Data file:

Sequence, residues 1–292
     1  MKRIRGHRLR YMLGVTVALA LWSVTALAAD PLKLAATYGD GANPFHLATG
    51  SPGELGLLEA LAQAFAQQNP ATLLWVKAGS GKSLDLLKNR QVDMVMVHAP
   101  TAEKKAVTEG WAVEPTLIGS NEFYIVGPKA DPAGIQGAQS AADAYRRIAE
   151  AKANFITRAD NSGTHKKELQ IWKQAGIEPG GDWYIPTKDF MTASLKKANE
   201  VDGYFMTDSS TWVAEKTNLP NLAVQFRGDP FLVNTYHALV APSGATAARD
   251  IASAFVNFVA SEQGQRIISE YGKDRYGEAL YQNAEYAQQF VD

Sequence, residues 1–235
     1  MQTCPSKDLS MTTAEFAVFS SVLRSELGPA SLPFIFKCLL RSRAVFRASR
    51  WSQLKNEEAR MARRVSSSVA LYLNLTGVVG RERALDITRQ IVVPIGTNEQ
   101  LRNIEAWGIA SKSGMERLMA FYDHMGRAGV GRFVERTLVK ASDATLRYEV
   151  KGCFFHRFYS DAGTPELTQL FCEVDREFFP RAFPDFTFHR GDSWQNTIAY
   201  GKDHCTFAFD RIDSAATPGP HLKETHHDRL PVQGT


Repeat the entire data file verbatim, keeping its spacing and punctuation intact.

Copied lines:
Sequence, residues 1–292
     1  MKRIRGHRLR YMLGVTVALA LWSVTALAAD PLKLAATYGD GANPFHLATG
    51  SPGELGLLEA LAQAFAQQNP ATLLWVKAGS GKSLDLLKNR QVDMVMVHAP
   101  TAEKKAVTEG WAVEPTLIGS NEFYIVGPKA DPAGIQGAQS AADAYRRIAE
   151  AKANFITRAD NSGTHKKELQ IWKQAGIEPG GDWYIPTKDF MTASLKKANE
   201  VDGYFMTDSS TWVAEKTNLP NLAVQFRGDP FLVNTYHALV APSGATAARD
   251  IASAFVNFVA SEQGQRIISE YGKDRYGEAL YQNAEYAQQF VD

Sequence, residues 1–235
     1  MQTCPSKDLS MTTAEFAVFS SVLRSELGPA SLPFIFKCLL RSRAVFRASR
    51  WSQLKNEEAR MARRVSSSVA LYLNLTGVVG RERALDITRQ IVVPIGTNEQ
   101  LRNIEAWGIA SKSGMERLMA FYDHMGRAGV GRFVERTLVK ASDATLRYEV
   151  KGCFFHRFYS DAGTPELTQL FCEVDREFFP RAFPDFTFHR GDSWQNTIAY
   201  GKDHCTFAFD RIDSAATPGP HLKETHHDRL PVQGT